A View from the Library-By John R. Clark, MLIS

Let’s start with a bit of blatant self-promotion, followed by a confession or two. Perfectly appropriate for a crime blog, eh? First off I must mention my first ebook, The Wizard of Simonton Pond which debuted last month and is available in all ebook formats from Amazon.com, Barnes & Noble, etc. It’s not a mystery, but a YA fantasy, although the main character, Berek Metcalf certainly has a mystery dropped in his lap when his attempt to invite the girl of his dreams to the Mayflower Dance lands him halfway across the universe, charged with figuring out where in heck he is and why. It’s the first of five books in the Down-East Magicians series, all of which have been written. Here’s a cover shot.

Now for the confession; I said last month that I was going to review a couple of first attempt YA mysteries this month, but finished only one of them. However, it’s a perfect example of great talent mauled by poor editing and proofreading.  The Last Seer and the Tomb of Enoch by Ashland Menshouse combines fantasy and mystery elements quite nicely. The five kids who are as different as they can be, grew on me and became a believable gang of good guys. The scary characters were just campy enough to be fun while still retaining an aura of menace and the plot was a dandy; a tomb that had to be opened in order to draw a horde of baddies into our world, a clan of bigfoot-like critters who were trying to prevent it from happening, an awful homeless lady who knew plenty more than she was letting on to, a super-nasty couple of siblings that regularly tormented the two boys who were best friends and a ghost who was under a curse that only the Cruella DeVille clone could lift.
I liked the book a lot despite some really glaring faults. First, the author had a prologue and an epilogue, neither of which added anything and probably turned off some prospective readers. Secondly there were far too many instances where the kids (and sometimes the adults) didn’t speak, they sniveled, sneered, jeered, smirked or glared. After a while it got old. So why bother writing about it? Well, as noted, despite all the shortcomings the story was pretty good and some readers will do what I did, ignore the dross and sip on the nectar. I really hope the author keeps writing as he has real talent.

I’ve been extremely lucky. Both of our daughters turned out to be avid readers and continue to do so. Their taste in books/authors is very similar to mine and we pass suggestions back and forth all the time. When Sara Beth was in high school, she was a huge Tamora Pierce fan. I discovered this by accident when I mentioned that Tamora was doing a book signing at Barnes & Noble in Augusta. Neither of us were able to go, but the upshot was that I started reading her books. I’ve read everything she has written and have introduced plenty of teens, both male and female to her characters going back to Alanna who was (and still is) perhaps the first real female heroine who became one in a traditionally male role and at a time when girls were less than.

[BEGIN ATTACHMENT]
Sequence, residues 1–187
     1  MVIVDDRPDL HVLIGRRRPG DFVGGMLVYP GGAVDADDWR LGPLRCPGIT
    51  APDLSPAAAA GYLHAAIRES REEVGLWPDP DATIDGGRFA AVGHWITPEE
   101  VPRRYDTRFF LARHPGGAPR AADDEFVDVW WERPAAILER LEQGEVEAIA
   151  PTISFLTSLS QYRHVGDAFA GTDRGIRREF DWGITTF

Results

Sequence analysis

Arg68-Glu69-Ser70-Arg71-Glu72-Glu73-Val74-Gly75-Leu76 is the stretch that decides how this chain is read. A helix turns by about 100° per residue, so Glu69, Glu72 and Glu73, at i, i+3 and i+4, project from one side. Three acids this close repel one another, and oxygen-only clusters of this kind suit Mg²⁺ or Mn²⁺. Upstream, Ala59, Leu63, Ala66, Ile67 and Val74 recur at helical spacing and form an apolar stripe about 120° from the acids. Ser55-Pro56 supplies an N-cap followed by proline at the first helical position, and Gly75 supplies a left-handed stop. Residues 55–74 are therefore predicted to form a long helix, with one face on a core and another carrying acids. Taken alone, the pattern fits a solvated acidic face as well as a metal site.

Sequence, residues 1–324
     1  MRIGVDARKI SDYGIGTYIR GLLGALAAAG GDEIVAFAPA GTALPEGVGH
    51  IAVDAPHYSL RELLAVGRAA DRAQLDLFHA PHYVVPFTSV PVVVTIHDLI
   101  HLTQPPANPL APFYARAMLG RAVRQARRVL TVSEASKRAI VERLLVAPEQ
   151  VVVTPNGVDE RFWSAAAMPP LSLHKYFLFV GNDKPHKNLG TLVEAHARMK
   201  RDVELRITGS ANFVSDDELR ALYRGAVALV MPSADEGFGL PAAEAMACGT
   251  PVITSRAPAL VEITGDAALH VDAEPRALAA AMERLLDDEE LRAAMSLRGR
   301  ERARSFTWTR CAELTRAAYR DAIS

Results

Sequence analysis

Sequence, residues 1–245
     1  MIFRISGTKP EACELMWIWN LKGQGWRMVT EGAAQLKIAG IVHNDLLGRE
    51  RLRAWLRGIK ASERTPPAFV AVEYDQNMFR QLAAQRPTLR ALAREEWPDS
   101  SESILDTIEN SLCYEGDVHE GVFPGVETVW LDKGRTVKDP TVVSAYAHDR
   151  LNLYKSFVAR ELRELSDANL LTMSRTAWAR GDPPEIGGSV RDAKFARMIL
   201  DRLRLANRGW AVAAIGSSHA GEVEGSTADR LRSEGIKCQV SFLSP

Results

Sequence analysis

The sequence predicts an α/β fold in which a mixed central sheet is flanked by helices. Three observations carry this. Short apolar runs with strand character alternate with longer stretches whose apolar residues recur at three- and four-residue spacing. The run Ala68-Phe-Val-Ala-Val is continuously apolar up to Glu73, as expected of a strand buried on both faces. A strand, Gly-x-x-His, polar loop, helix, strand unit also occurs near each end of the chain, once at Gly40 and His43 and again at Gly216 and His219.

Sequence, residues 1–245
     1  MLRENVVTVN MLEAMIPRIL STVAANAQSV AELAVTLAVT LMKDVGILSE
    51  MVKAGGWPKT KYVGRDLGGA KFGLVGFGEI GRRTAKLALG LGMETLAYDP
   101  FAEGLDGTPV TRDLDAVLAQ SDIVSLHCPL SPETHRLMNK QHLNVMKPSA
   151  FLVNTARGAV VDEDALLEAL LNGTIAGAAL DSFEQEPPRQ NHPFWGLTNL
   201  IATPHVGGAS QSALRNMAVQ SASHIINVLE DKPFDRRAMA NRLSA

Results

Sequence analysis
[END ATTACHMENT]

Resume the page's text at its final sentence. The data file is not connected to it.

Her most recent series; Terrier, Bloodhound and Mastiff have a nice mix of magic and mystery to qualify as the latter in my mind. The main character Beka Cooper gets the chance of a lifetime after acting on an impulse and coming to the attention of a noble who recognizes her untrained skills and offers her a chance as a puppy in the Dogs, the slang term for the Provost’s Guard. Beka, having grown up in the slums, has to battle her roughness and self-doubt while learning that being a Dog sometimes means having to turn in your own family.
The world, the inhabitants and the relationships as Beka grows through the three books make for great reading. I’m aware that the latest book, Mastiff, is getting a fair amount of criticism in reader reviews, but the series is still a dandy one to get into. When I closed the book, I felt a tiny wave of sadness because it was probably the end of Beka Cooper. In fact if you know any youngster who might like books with strong female characters (or as Tamora puts it, ‘girl heroes who kick butt’), you can’t go wrong suggesting any of her work.

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1 Response to A View from the Library-By John R. Clark, MLIS

  1. Congrats on the book, John!

    I became a Tamora Pierce fan when my then-13-year-old daughter started reading her books. (I’ve discovered one of the great things bout parenting is that your kids expose you to literature you might not otherwise dabble in.) That daughter is now 19, but when Ms. Pierce came to Smith College to speak, Victoria and her friends went nuts with fandulation.

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